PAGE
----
17. 17. DEFINING B | DEFINING YOUR PURPOSEGATHERPAGE 15 Your Purpose First, cover the fundamentals ENABLE PARTICIPANTS to exchange in- formation, expertise, and points of view in a form that benefits their individual and collective practice. ENGAGE A DIVERSE range of partici- pants, reflective of different facets of the problem. Help them connect with one another, build trusting relation- ships, and discover shared areas of commonality. BUILD NETWORKS SHARE LEARNING INFLUENCE INNOVATE DEVELOP FORESIGHT ALIGN & ACT MOBILIZE STAKEHOLDERS in different parts of a system to act in concert. Help build a shared understanding of the system and the problem, develop consensus around a common vision, align strate- gies around it, and support one another in the execution. ANTICIPATE POTENTIAL CHALLENGES and identify new opportuni- ties for intervention, by collecting indicators of how the world is evolving today and diverse perspectives about the directions that it could take in the future. EXPLORE NEW APPROACHES and enable creative disruption by reframing, reimagining, or recombining different elements and per- spectives. Use these inputs to prototype transformational new pro- cesses or services and develop ideas for their adoption and scale. SHAPE THE ATTITUDES of key stakeholders and the public by invit- ing thought leaders and decision makers to discuss your initial pro- posals, use their perspectives to sharpen the ideas, and then use the resulting product to promote broader conversation and action. Then, choose a primary purpose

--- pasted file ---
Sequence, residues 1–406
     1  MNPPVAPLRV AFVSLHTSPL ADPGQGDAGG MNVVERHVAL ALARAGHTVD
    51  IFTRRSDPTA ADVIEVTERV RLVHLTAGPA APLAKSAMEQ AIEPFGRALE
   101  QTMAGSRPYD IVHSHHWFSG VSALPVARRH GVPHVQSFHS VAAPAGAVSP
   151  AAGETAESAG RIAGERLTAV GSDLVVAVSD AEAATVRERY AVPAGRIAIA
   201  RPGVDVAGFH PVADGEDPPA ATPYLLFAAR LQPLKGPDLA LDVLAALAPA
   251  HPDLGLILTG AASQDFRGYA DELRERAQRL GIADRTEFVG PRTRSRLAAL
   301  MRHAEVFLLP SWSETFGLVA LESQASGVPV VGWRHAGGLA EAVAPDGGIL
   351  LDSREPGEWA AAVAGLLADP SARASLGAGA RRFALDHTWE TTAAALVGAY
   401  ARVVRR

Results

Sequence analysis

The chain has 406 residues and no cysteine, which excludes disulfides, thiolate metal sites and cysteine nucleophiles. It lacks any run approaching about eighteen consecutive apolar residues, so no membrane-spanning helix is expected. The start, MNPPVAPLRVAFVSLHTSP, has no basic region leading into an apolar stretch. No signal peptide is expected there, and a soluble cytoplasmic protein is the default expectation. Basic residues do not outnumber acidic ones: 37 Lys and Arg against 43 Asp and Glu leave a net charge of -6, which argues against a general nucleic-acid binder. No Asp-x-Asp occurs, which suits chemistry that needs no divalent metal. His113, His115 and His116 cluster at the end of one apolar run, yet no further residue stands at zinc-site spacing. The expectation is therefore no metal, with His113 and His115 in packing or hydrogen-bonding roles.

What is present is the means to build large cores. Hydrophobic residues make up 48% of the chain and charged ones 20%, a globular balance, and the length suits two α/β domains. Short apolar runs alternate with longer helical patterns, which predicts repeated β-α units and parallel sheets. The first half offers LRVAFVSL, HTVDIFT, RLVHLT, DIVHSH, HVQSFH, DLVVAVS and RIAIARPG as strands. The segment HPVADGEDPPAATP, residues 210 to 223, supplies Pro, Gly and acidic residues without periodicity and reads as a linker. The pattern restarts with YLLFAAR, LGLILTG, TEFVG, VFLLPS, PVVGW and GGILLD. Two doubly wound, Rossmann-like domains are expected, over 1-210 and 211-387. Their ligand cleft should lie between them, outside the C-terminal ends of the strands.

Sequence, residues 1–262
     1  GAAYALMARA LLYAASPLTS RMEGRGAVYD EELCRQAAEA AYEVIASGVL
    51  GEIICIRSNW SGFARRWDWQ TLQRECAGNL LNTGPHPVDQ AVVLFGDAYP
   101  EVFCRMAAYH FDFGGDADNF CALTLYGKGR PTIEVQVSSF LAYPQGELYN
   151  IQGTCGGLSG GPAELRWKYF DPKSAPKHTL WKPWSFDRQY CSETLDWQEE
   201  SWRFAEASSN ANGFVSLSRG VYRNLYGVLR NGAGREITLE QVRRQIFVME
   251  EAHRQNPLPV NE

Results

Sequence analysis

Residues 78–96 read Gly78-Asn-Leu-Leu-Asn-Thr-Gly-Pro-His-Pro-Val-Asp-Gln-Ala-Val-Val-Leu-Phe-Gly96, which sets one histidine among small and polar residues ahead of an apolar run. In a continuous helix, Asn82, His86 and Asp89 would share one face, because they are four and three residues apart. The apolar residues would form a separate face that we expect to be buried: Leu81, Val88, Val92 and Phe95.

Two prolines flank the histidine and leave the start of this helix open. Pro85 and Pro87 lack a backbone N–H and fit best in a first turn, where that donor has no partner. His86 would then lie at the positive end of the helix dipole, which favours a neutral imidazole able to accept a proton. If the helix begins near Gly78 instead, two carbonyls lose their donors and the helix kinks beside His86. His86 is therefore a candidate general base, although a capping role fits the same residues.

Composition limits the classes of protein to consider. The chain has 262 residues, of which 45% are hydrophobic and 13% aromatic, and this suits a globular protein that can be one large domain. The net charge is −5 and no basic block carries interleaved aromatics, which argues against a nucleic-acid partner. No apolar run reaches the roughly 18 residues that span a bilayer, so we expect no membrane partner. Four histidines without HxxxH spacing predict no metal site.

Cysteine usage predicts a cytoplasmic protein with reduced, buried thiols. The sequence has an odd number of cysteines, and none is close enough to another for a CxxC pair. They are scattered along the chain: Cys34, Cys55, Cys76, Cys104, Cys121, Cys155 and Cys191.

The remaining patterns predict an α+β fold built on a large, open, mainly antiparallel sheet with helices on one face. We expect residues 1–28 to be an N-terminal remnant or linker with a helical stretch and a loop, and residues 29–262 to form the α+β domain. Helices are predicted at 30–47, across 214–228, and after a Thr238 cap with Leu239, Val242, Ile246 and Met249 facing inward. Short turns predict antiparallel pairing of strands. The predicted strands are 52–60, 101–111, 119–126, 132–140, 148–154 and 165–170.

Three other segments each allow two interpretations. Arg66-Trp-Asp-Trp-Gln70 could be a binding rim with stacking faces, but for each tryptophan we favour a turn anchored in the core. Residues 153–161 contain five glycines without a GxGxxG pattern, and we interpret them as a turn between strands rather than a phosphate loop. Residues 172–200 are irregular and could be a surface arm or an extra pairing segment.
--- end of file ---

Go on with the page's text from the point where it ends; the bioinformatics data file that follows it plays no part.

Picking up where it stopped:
18. 18. WORKSHEETA simple way to clarify your purpose is to answer these five questions. You may want to start with general answers, and then return later to make them more specific, as you make additional choices about your design. “In order to create change, this convening will help participants… …BUILD NETWORKS by: …and SHARE LEARNING by: “Beyond that, it’s PRIMARY PURPOSE is to… ❑ INNOVATE  ❑ INFLUENCE  ❑ DEVELOP FORESIGHT   ❑ ALIGN AND ACT   ❑ OTHER …which it WILL DO by: Its purpose WILL NOT include: ” ” ” B | DEFINING YOUR PURPOSEGATHERPAGE 16
  19. 19. “DESIGN STANCE” Defining Your NOW THAT YOU’VE DETERMINED your purpose, you need to figure out how to achieve it. This is your “design stance.” A traditional stance, for example, tends to be a good fit for convenings that only touch lightly on a purpose beyond the two fundamentals of building networks and sharing learning, and results in a format closer to a standard conference. A co-cre- ative stance tends to be more effective at achiev- ing shared goals but will require more thoughtful design and preparation. Use these spectrums to sketch out your stance: TRADITIONAL CO-CREATIVE CONVEY INSIGHT DESIGNED BY A LEADER INSTRUCTIONAL DELIVERED BY A LEADER OR LEADERS ACHIEVE A SPECIFIC GOAL ENGAGE THE MIND ALONE INCLUDE HOMOGENEOUS PERSPECTIVES USE EXPERT KNOWLEDGE DISCOVER INSIGHT CO-DESIGNED BY PARTICIPANTS PARTICIPATORY CO-DELIVERED BY PARTICIPANTS HAVE AN OPEN-ENDED OUTCOME ENGAGE THE FULL SELF INCLUDE DIVERSE PERSPECTIVES USE COLLECTIVE PATTERN RECOGNITION USE THESE SPECTRUMS TO THINK THROUGH THE TYPE OF EXPERIENCE THAT YOU WOULD LIKE TO CREATE B | DEFINING YOUR PURPOSEGATHERPAGE 17
  20. 20. THE ART AND SCIENCE OF EFFECTIVE CONVENINGGATHER FORMING YOUR TEAM C